Connor is an android designed to track down and deal with androids that have gone deviant. Cyberlife, the major company that makes the androids, sends Connor to work with law enforcement on deviant android cases and find out why and how the androids are able to become deviants. Connor gets assigned to work with the detective Hank Anderson who is shown to have obvious dislike for androids. After each case, Connor is shown to be in a Zen Garden talking to Amanda who represents Connor's original programming and his tie to Cyberlife. Connor is the only character where his death does not mean the end of his story. During their cases tracking down deviants, including Kara another main character, it is revealed that Connor himself is developing deviant tendencies. This comes to a head when it becomes known that Markus is the leader of the Android revolution and where their base is. Based on the players' choices up to this point Connor may become a deviant and work with Markus and the android revolution. Otherwise, Connor will remain true to his programming and hunt down Markus until the ending where there is a chance to shoot Markus during the fighting or after the demonstration is done and he is giving his speech. If Connor survives he is shown to have been replaced by the next model and is scheduled to be deactivated. If Connor turned deviant he assists Markus with the revolution and goes to Cyberlife to convert the androids in storage to become deviants and join the revolution. In both endings Connor is pulled to the Zen garden, losing control and if he does not escape Connor will shoot Markus during the speech.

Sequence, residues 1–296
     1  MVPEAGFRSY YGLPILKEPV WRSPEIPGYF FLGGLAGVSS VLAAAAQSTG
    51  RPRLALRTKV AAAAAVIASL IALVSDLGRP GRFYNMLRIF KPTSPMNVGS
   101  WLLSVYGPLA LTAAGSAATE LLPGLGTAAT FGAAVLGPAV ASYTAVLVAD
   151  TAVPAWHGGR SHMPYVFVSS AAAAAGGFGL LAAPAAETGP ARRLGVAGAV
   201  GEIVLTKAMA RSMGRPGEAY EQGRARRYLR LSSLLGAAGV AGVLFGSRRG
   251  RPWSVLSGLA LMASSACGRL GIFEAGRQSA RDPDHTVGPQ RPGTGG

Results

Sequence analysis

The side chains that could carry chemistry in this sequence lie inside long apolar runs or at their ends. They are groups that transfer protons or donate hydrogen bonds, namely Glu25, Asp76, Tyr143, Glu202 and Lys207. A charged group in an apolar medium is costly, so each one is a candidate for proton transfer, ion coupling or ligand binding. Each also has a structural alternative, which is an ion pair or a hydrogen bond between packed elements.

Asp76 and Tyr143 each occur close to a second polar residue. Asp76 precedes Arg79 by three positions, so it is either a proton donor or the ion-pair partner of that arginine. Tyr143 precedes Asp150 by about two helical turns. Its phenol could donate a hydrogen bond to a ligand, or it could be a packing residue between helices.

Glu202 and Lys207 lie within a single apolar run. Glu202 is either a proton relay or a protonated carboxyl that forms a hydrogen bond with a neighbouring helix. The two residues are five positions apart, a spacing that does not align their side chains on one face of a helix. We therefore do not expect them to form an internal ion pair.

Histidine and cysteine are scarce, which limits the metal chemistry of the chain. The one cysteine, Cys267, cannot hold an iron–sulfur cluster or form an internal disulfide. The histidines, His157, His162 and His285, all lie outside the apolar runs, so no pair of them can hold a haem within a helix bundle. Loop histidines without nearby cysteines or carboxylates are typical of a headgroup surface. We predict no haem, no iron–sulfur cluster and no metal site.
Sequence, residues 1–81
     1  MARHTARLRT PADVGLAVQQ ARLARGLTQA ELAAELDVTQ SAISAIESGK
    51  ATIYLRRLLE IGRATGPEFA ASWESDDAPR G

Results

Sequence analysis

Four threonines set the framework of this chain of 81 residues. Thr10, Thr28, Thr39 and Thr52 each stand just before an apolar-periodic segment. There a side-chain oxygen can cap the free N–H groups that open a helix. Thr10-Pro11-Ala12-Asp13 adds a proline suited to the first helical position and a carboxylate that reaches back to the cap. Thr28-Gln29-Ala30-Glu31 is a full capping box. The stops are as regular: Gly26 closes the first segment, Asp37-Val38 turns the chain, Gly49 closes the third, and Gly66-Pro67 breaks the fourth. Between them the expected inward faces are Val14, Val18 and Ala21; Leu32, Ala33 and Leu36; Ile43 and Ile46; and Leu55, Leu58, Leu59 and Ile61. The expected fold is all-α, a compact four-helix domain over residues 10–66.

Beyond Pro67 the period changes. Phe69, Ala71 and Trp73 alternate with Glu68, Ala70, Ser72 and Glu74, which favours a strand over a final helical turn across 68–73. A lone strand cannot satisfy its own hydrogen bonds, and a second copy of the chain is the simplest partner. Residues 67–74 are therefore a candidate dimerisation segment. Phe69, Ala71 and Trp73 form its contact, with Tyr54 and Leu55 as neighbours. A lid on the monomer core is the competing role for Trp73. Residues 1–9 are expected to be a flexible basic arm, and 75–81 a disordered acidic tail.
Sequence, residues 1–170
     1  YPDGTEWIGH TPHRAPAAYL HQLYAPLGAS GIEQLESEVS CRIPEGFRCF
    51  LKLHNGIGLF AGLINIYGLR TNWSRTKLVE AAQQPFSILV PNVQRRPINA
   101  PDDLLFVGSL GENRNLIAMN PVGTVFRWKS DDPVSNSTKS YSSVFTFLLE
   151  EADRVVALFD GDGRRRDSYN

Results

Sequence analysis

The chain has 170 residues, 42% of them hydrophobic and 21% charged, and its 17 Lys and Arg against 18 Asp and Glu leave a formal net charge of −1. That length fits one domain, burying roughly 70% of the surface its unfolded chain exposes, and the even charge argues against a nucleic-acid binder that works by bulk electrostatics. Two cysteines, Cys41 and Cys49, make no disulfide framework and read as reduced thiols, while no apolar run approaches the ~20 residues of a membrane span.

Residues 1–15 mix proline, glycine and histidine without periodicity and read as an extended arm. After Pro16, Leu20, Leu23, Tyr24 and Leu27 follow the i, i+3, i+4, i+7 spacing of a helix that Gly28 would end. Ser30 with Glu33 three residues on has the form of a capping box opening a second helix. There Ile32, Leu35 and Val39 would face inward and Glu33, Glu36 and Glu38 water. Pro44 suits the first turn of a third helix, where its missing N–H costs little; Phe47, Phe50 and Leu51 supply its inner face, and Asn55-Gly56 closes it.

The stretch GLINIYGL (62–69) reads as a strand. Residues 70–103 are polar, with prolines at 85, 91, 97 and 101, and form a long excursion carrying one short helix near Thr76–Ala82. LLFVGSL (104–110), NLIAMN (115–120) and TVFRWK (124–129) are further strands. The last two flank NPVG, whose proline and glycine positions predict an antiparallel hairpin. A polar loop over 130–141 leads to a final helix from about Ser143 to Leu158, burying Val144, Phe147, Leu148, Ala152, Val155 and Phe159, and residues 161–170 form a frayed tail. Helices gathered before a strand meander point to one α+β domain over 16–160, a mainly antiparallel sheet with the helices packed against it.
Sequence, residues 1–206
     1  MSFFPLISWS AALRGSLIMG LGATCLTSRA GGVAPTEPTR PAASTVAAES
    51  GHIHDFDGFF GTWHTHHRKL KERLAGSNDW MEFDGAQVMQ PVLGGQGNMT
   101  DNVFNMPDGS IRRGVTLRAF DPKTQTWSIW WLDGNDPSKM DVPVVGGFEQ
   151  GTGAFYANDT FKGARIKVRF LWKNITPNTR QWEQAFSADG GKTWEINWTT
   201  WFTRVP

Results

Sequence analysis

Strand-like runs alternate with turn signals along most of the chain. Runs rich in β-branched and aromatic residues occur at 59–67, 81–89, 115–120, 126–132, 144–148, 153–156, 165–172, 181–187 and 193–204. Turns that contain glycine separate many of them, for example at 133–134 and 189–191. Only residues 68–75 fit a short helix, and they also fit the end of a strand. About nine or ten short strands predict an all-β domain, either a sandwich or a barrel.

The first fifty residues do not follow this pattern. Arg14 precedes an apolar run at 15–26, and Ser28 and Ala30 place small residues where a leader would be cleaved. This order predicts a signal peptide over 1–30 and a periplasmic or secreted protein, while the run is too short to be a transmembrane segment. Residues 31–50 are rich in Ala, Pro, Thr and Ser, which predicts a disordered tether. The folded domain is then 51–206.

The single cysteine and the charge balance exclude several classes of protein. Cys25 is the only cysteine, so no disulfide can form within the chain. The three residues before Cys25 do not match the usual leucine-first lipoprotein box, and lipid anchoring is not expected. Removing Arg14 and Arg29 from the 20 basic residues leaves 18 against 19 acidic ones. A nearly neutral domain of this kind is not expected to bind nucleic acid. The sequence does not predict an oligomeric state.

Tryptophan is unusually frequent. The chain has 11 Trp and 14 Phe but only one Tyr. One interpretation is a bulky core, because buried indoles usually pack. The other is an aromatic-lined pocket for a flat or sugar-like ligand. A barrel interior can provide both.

Kara is an android designed to help out in the household. We first meet her in the repair shop which is revealed later to have because she was beaten by her owner, Todd. Her owner is very abusive towards her and is revealed to have a very unpleasant personality. While eating dinner his child, a little girl named Alice, is shown to be obviously uncomfortable which causes Todd to fly into a rage and threaten to beat Alice. This causes Kara to become deviant as she tries to stop this. This either ends with Kara and Alice escaping unharmed and Todd chasing after them, Kara shoots Todd and escapes, or Kara is beaten and Kara's story ends. Kara and Alice's story is their journey to escape to Canada where androids have been banned and they are likely to blend in as regular humans. Their story ends in two ways; either they manage to pass border security and escape to Canada or they are caught and are sent to a camp where androids are being dismantled and they are able to either try to escape with either both or one making it out or they accept their fate and are dismantled. The major themes in this story are what constitutes a family and what you are willing to do for loved ones.